By various estimates (i.e., organizer Jessica Aldridge of the Burbank Green Alliance* and other participants), about a thousand people turned out for Sunday's march and rally. During the rally portion, a show of hands revealed that a large majority got there via public transportation, bicycling/walking, or hybrid/electric vehicles.
There was no shortage of eye-catching and creative signs (there were costumes, too), and unlike a lot of marches, which tend to pass closed businesses on cordoned-off streets, there was some interaction with the general public. The march began on crowded Olvera Street, and at an overpass above the Hollywood Freeway, some held their signs toward traffic, and motorists honked. Several major news stations came, including KTLA, ABC Eyewitness News, and reportedly even Fox.
As the march went by City Hall's South Lawn, this author was upset and angered to see the former site of Occupy LA, though, it was nice to see that native plants had been added in some areas. (However, there is still quite a bit of non-native grass at the South Lawn.)
At the rally, Grandmother Gloria Arellanes of the Tongva people gave an opening prayer; Ed Begley, Jr. hosted; and there were a lot of good speakers and entertainers.
Of the Indigenous community, Begley said: “They are our leaders, who for many years have lived off the interest of the land, not liquidating their principle, cutting down all the trees, living unsustainably. They are our leaders and our teachers in this.”
Arellanes explained that the Tongva inhabited the Los Angeles basin, parts of Orange County, some of the Channel Islands, and parts of Riverside. She could feel the presence of many ancestors that day via a wind that accompanied the march. “All of this concrete and all of this grass means nothing to me,” she stated. “It is still my land, and my people were here. This is the village of Yangna.”
She also discussed the Red Road, which means that “we see beyond the color, we see beyond our races, our religions as one people, as one human race.” (Later, Chief Phil Lane, Jr. also spoke of “one human race.”)
“Quite a long time ago on Mother Earth there were no lines, there were no borders, they didn't exist,” Figueroa continued. “We all lived together peacefully, and we protected the earth, we protected the sacred water, and sacred air, and sacred fire. We kept our fires going, and the Native people have kept the sacred drum, the heart of Mother Hearth, happening. So we are honored to stand by all that respect Mother Earth.”
She added: “We're here not just for Mother Earth, we're here for our children and our next generations. What we're doing today will hopefully make it possible for our wingeds, our finned ones, our standing people—all of our relations—to be alive. So with that I want to send my love and extend my hand to each and every one of you. Thank you for being here. Aho.”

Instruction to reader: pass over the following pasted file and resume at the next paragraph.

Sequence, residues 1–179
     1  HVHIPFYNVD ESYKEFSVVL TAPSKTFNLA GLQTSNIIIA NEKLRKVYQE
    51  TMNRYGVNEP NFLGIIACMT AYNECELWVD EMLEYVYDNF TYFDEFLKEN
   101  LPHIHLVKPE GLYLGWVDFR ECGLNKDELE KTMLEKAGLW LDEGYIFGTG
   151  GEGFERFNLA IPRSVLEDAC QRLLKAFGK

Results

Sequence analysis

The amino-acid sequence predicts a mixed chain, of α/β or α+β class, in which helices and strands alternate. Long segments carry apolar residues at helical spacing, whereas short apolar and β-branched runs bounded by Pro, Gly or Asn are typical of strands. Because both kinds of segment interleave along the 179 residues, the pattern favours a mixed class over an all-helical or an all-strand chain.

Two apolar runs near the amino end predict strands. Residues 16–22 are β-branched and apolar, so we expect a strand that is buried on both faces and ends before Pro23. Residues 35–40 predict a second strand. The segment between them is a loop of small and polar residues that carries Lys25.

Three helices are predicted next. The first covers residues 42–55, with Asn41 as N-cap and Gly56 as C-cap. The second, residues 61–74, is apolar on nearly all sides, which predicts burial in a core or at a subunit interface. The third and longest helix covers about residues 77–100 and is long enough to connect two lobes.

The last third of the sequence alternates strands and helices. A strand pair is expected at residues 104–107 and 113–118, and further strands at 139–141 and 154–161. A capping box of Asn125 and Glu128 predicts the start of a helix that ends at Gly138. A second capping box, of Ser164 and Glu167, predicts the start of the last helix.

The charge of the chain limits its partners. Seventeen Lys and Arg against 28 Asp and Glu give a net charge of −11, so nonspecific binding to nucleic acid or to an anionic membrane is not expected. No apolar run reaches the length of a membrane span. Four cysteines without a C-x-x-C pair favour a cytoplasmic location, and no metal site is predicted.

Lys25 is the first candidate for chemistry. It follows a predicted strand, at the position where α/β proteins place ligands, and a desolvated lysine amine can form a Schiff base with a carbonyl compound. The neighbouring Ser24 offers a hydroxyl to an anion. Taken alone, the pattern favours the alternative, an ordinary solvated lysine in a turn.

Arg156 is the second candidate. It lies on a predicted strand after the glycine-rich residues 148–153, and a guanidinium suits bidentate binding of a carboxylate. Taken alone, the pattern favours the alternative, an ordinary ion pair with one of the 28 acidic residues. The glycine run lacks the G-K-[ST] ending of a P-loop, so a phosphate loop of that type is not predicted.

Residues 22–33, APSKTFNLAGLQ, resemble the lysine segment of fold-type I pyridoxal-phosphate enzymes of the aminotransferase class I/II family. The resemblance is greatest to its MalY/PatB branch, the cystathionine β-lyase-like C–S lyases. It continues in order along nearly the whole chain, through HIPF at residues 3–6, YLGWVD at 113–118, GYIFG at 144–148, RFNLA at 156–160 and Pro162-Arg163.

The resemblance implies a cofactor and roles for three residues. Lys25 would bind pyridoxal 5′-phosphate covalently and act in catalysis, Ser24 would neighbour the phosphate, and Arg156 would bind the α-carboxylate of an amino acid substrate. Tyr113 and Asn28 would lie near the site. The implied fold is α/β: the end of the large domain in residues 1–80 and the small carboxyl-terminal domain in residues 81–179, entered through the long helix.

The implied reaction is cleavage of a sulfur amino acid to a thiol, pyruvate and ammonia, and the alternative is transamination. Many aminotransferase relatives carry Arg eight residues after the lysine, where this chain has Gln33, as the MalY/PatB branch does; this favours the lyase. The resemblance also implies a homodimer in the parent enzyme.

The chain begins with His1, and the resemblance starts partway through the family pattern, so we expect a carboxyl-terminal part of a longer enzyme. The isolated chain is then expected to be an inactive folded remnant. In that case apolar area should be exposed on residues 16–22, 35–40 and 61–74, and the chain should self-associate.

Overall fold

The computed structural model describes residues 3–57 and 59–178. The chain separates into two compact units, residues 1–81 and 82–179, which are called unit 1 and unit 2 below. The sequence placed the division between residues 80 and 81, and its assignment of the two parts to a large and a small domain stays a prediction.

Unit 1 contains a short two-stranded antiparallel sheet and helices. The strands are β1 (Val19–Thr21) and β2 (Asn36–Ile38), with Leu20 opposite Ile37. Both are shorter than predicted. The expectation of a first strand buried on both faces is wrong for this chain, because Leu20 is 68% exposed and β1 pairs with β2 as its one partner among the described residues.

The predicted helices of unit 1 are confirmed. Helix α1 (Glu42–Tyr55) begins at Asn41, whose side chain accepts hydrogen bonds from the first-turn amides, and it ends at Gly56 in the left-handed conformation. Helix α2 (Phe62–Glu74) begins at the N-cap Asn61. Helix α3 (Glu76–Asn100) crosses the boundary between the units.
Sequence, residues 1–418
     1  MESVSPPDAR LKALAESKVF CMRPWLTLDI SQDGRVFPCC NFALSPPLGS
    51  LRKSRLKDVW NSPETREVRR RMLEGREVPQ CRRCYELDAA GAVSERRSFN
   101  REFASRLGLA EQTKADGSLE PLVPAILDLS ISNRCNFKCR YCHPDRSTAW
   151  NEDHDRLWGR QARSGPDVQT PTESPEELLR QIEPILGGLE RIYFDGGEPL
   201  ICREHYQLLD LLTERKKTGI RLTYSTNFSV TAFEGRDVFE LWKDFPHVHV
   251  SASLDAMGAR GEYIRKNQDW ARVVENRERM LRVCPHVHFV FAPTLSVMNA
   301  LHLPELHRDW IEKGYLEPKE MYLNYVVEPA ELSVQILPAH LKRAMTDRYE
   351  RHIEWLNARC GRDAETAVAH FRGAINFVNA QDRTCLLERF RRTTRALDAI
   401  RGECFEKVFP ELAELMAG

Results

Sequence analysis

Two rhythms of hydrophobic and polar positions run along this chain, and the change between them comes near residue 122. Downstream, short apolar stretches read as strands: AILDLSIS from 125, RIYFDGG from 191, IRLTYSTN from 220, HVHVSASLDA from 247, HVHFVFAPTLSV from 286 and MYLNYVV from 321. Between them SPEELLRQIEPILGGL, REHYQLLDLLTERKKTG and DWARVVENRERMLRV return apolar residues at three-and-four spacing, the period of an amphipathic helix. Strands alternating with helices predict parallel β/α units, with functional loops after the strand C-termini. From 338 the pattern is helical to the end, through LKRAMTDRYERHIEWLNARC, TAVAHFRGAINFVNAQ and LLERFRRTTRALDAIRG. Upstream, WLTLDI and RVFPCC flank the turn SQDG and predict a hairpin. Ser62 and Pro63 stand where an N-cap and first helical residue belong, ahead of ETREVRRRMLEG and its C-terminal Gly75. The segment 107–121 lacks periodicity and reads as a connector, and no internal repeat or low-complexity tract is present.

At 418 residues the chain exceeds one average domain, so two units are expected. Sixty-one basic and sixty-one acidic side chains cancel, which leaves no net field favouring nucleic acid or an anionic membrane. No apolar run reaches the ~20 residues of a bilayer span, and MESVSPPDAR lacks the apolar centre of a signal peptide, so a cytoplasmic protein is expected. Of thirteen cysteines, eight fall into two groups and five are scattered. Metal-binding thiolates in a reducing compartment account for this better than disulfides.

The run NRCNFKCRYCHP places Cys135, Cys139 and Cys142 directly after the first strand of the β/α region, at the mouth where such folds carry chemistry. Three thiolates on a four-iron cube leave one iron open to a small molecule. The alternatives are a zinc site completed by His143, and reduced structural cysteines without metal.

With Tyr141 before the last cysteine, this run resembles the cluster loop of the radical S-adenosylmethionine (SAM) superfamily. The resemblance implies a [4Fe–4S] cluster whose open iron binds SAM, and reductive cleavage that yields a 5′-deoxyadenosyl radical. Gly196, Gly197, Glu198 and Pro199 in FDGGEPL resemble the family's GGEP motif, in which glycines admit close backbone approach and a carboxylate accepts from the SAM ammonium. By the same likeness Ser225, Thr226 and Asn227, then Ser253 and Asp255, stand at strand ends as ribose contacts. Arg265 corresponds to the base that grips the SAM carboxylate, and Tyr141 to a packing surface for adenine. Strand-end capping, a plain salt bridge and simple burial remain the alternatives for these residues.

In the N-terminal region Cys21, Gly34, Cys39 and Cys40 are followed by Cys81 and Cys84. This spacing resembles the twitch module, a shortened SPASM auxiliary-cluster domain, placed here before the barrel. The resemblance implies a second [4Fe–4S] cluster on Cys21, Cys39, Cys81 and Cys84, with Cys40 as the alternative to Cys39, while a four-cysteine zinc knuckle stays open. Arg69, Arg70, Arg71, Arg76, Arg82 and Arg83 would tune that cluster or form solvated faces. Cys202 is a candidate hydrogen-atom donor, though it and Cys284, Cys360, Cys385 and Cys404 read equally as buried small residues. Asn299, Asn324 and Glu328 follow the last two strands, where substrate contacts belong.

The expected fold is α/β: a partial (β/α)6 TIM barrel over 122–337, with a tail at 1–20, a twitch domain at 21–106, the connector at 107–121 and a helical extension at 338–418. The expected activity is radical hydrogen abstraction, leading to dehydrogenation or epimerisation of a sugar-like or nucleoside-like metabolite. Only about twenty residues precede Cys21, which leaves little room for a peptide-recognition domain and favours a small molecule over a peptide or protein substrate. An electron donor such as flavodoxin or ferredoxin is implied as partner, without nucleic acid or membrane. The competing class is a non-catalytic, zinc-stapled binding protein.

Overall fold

Begley pointed out that since the early '70s, L.A.'s population has increased by “millions more people--and we've cut the smog down to less than half using good technology that's worked.” He also credited organizations such as the Coalition for Clean Air, the Green Party, the American Lung Association, and others. “Four times the cars, millions more people, and we have a fraction of the smog,” he added. “So we can do this. We can do something about climate change, but we have to act now.”
Other speakers included Dr. Josh Fisher, a climate scientist at NASA's Jet Propulsion Laboratory; Torgen Johnson, a Harvard-educated urban planner in San Diego, who has been fighting the reopening of the San Onofre nuclear plant; and Jordan Howard, a young but dynamic activist (who's about to turn 21).
Presenting a different perspective was the Billionaires, performance artists, who've been credited for continuing the Yippie tactic of engaging-educating people through entertainment. The Billionaires treated us to a performance of “This Land is Our Land.”
“You planet people are so cute,” one of them later remarked.
Celebrities in attendance included Orlando Bloom.
Various speakers emphasized the significant of each person's individual actions/lifestyle choices (in addition to large movements such as this one). Begley likened such lifestyle choices to putting a handkerchief on a gaping wound, noting that the wound must be dressed before the victim is hospitalized.
Jessica Aldridge asked us to remember that a pebble can make waves.
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